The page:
Some times a hunter might see a huge rack but this time I saw venison back straps, rapped in bacon, and grilled to med, rare.
I woke this morning at 1 am and headed to the hunting area, 130 mile to the east. I had set up a tree stand the week prior and do not like to hunt this stand in the am so I hunted another area farther down stream. No action there but I was excited to be hunting. Had lunch in the truck and thought about taking a nap before the evening hunt but that did not happen so I was in the tree stand at 1 pm, way too early but hey, one never know what might come wandering past.
I wish I had taken that nap because while in the tree stand I started to nod a few times. I was thinking about climbing down and taking a quick nap at the base of the tree, but did not. 2 PM came and went. 3 PM., 3:30 PM and stood up and looked behind me and here comes this buck. Wind was good and the buck decoy was in the deer's path. At first I did not pick up the compound bow but as he got within range of the decoy, I did. Maybe I would just draw on him for practice. The buck sees the decoy, postures, scrapes the ground not 10 feet from the decoy, and then he circles down wind and to within 10 yards of the stand. This is too cool! A practice draw for sure.. I should have kept the finger off the release but did not. "a bird in the hand".
Before dark, I had the stand, decoy and deer back to the truck and then spent the next two hours process the deer for the cooler. I slept in the truck for the night as I knew I would crash on the way home for lack of sleep and, I drove home this morning. Time to process and bag the meat for the cooler. Tenderloins for dinner. A great way to end the hunt and with good memories. Maybe I should have waited! NA !!!!!!!!!!!!!!!!!!!!!!!!!!!!!!!! "a bird.........................."
I always enjoy your threads!
Naps are good at our age, but young buck backstraps... priceless!
Good stuff man!
Congrats Sir, thanks for taking us along.
Well sort of. Being up in the tree stand and the deer only 10 yards away and below, many hits are from a high angle as this one was. The actual hit was, as the deer was quartering away, half way back, top of the back, and into the lungs, etc. Not a pass through but at least 20 inch's of penetration with the 125 gr, 3 bld, VAP.. The buck sprinted back the way he had come, and I watched him go out of sight, 90 yards way back to the river which is very shallow with high sand banks. I was saying to myself, "Go down".
With that hit, I just figured he will be dead within a few seconds so I climbed down and headed to where I last saw him and looking for any blood along the way.. As I moved along, a blood trial was not evident until I got to where I had last seen him and found a few very small spots of blood in the tall grass, but that did give me a direction to follow. A few yards later, the complete arrow at the edge of a five foot high sand bank along the river.. I looked over the edge expecting to see him dead, but no. The sand bars below and across the exposed sand, were covered with thick cocklebur brush but I headed in that direction, crossing over the shallow, narrow, river in a few inches of water.. Fifty yards ahead, I see a white belly of a dead deer. A sigh of relief as always. Recovery, 100 yards.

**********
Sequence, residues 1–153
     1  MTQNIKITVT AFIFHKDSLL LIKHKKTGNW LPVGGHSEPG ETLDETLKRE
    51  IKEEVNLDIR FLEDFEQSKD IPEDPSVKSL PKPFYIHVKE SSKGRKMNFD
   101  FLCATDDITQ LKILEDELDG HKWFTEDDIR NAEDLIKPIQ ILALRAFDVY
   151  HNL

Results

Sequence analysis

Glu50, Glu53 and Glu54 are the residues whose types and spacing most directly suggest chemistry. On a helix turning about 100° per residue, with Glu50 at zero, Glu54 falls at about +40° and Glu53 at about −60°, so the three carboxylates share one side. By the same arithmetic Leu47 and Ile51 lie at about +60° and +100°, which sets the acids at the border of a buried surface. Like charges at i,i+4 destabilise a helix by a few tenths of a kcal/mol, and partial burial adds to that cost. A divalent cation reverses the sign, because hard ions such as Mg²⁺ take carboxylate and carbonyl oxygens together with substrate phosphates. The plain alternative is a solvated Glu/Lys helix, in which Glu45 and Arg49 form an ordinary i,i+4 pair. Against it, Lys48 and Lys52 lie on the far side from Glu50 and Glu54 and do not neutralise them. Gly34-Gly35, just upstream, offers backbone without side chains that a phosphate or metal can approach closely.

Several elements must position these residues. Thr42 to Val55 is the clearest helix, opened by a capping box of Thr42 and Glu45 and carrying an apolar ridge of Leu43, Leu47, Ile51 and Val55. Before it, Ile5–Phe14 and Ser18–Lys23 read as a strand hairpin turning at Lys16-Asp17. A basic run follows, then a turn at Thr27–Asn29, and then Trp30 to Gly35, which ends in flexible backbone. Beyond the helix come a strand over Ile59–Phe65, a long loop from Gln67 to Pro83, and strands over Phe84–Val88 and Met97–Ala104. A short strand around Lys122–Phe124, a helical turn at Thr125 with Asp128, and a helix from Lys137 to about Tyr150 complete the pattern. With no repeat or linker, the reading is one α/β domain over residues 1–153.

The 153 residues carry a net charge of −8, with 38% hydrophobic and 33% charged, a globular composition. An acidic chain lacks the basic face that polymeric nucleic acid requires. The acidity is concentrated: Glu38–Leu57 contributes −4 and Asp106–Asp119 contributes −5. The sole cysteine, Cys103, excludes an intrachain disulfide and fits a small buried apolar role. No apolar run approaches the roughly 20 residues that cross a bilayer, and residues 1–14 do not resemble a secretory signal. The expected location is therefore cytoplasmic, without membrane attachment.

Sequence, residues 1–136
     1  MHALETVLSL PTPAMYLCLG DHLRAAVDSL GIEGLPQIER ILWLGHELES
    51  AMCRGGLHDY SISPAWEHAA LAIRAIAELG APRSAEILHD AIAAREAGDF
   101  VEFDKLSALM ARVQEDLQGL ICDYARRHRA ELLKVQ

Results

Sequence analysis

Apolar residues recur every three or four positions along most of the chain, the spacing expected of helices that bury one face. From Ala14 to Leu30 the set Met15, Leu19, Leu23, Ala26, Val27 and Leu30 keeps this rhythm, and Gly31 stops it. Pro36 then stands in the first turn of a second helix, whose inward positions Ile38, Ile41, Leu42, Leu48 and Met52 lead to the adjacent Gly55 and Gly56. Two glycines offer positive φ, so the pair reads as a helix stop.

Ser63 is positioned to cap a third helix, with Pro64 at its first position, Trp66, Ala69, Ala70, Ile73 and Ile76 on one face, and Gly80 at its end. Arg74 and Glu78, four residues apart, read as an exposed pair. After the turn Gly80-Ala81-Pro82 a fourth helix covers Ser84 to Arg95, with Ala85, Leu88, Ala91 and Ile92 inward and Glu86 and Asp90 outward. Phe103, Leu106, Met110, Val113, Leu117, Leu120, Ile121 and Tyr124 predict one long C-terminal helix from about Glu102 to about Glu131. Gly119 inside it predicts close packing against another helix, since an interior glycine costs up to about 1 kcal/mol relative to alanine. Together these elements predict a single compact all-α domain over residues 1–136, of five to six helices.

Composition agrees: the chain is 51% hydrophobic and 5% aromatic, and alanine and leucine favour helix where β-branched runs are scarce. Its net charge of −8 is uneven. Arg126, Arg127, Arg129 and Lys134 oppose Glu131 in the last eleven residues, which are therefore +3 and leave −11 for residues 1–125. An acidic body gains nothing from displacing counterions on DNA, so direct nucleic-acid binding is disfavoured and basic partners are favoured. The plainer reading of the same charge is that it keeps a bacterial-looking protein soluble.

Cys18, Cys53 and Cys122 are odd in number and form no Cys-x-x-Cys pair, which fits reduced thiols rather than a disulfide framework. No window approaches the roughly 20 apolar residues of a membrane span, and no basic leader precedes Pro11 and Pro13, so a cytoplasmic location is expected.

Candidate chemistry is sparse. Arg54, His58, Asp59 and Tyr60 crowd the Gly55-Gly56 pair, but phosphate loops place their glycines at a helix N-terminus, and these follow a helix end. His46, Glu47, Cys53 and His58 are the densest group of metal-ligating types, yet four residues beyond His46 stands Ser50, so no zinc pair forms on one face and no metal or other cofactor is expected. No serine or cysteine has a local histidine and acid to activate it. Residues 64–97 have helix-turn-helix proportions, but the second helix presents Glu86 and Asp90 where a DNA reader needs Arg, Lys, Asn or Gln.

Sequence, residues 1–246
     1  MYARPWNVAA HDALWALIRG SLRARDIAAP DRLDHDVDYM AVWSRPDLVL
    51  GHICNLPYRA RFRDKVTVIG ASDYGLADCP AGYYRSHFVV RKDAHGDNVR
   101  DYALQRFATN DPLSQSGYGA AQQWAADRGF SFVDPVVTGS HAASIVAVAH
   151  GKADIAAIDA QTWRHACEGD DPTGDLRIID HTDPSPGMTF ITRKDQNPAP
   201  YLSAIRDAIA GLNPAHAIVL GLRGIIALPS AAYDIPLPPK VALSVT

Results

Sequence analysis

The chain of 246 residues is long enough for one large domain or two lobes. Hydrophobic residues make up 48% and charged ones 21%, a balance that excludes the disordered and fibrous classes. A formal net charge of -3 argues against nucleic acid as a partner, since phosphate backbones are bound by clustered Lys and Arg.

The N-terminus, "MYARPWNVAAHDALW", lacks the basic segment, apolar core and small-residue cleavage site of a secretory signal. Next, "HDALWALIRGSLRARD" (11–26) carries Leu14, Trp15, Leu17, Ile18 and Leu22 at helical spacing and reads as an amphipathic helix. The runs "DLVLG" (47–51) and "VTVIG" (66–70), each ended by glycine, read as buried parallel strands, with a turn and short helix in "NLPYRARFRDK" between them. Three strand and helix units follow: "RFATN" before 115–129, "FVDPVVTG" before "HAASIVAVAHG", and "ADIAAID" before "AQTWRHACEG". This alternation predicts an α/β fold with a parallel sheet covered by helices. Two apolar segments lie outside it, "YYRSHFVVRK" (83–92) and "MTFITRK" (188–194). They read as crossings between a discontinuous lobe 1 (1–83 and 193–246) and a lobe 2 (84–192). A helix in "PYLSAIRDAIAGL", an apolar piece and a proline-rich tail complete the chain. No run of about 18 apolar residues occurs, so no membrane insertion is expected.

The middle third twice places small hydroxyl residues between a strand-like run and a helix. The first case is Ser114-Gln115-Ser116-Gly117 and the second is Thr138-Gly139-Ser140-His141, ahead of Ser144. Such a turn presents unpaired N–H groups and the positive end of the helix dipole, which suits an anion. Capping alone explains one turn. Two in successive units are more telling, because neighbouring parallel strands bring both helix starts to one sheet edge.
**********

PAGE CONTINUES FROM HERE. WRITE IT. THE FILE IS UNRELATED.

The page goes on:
I had been there before, a high hit and not a pass through that can lead to a poor blood trail as the majority of the blood is remaining in the deer's body cavity.
I left the buck there, and headed back to the truck to gather up a few processing items and also to bring back my Jet Sled to haul him out with. I had to field process the deer in the sled as the river bottom was all sand.. I, with some difficulty, I pulled him along on the sand bar, 400 yards, to where I could get to the river bank, adjacent to the path to the truck. I left him there, and then retrieved the stand and the decoy in two more trips back to the truck and then pulled the deer sled back to the truck. All in all, this is taking 3 hours but it was still light to see, as the sun was just ready to set.
The back of the truck was full of stuff and there was no way to lift this buck to the tail gate so I tied the sled's haul rope to the trailer hitch and pulled the deer sled down the two rut road for a mile where I knew another hunter, who I met was hunting. He had a very large empty truck and was was glad to take the deer and sled back to camp and also to help hang the deer to cool on the deer pole. This was here I ended up skinning and quartering the deer under the lights of the truck, and then bagging it up for the chest cooler, for the drive home the following morning.
So you asked, "Did it go smooth"?. Yea, until I released the arrow!!!! Then the work begins.
Well done. Not that you need it, but I certainly would endorse your priorities.